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Entries from March 2006

Garbage

This morning as I was taking a shower I heard my wife, Kate, come into the house. She was clearly upset about something, as she was threatening to hit some guy on the head with the week's garbage.

We moved about a month ago to Racecourse in Nakuru, and now have garbage collection once a week. Or at least we are supposed to they missed a few weeks since we have been staying there.

Well anyway one thing Kate really cares about is keeping the environment clean. She hates to see people littering. Kenya is a beautiful place when you are viewing the game parks, or looking at a place maybe from real high in the Great Rift Valley, but it is another story when you get close or find yourself in areas where people live. Garbage is thrown everywhere and more often then not every street has open sewage somewhere on it.

So Kate took the trash out and some guys started to rip open the bags to look for hidden treasures. She got into an argument with them, which if you have ever argued with the street people of Kenya you will know that it is not worth your time. In the end they left the trash scattered all over the place and Kate was trying to devise some way of avoiding the situation in the future.

It is not only people ripping open the trash looking for treasure. When I left some few minutes later, I saw a small herd of sheep going through the trash.


Count the Cost

This past Sunday’s service went well at The Sitting Room. We continued our 5Ws series on Jesus. We are looking at the when, where, who, what, and why of Jesus. So now we have finished up when and where. I did not even come close to covering all the materials I had on first century life in Palestine, but that is how it goes. One of the things I spent considerable time covering on Sunday was not even part of my sermon, a major contributing factor to me not finishing. One of the things that really bother me about modern Christianity is how easy it is to convert. It is like we ignore what Jesus said about counting the cost. Jesus said if you cannot leave your mother and father then you could not follow him. Now I don’t know about you, but that does not sound easy to me. Take up your cross, is a statement that we have so spiritualized that I believe it has lost its meaning. Sunday we emphasized the end result of Jesus’ taking up his cross, death. When we take up our cross it will lead to our deaths, the good news is that a resurrection is just around the corner. Deciding to follow Jesus should take more reflection then the few minutes that it takes an evangelist to scare us, pull on our emotions, or otherwise sell us the Gospel. I know walking up to the altar and praying the sinner’s prayer is for some people the culmination of their seeking of Christ, and they have spent time considering the cost. However that is not how we preach it. We preach that all you have to do is believe and pray, but there is more. Salvation is a free gift from Christ to us, but Christianity will cost you something.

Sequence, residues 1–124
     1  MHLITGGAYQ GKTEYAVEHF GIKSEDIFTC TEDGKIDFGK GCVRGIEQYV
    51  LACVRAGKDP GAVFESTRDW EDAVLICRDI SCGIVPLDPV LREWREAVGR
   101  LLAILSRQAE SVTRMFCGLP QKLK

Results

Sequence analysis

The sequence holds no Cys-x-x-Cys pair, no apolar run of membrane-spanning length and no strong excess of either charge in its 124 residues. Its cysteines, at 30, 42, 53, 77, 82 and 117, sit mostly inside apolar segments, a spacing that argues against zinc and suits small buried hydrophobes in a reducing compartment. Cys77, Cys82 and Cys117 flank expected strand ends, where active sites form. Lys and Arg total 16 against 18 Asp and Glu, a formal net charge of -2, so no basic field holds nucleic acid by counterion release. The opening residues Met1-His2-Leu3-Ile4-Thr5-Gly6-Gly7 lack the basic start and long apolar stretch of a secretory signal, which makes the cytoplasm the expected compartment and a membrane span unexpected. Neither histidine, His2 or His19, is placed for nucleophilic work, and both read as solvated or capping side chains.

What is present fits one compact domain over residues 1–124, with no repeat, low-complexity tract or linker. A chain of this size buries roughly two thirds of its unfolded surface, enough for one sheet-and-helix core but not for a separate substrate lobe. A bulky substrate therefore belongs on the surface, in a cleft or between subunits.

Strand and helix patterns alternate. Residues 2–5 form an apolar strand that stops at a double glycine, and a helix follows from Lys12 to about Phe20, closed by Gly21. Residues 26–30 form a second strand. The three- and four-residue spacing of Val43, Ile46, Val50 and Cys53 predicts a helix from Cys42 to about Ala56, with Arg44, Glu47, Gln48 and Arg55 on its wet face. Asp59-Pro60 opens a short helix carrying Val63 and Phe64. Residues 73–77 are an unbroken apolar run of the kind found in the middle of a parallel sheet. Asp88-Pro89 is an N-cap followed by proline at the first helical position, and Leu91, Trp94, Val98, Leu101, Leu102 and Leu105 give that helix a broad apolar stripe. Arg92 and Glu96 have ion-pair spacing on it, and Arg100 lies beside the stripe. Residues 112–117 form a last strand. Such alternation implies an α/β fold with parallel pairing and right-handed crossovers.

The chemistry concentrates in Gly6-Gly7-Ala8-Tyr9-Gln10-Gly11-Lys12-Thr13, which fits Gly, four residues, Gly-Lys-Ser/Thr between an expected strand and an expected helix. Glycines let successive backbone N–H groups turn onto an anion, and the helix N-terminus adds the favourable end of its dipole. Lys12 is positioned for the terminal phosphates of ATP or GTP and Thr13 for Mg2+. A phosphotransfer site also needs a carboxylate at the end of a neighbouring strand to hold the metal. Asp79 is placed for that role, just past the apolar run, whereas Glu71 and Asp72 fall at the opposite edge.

Have You Ever Seen A Chicken Ride A Bike?

Have you ever seen a chicken ride a bike?

Or a cow march in a parade?

Have you ever seen a zebra passing by?

Where we come from,

This happens every day!

Have you ever heard a hyena laugh?

Or seen a lion cry?

Have you ever seen a giraffe kneel down?

Or seen a monkey fly?

Have you ever seen a baboon take a bath?

Or seen an Elephant hide?

Have you seen a goat who’s lost his coat?

Or a dog on a bus hitching a ride?

All these things are able to be seen

Where we come from—

Kenya

.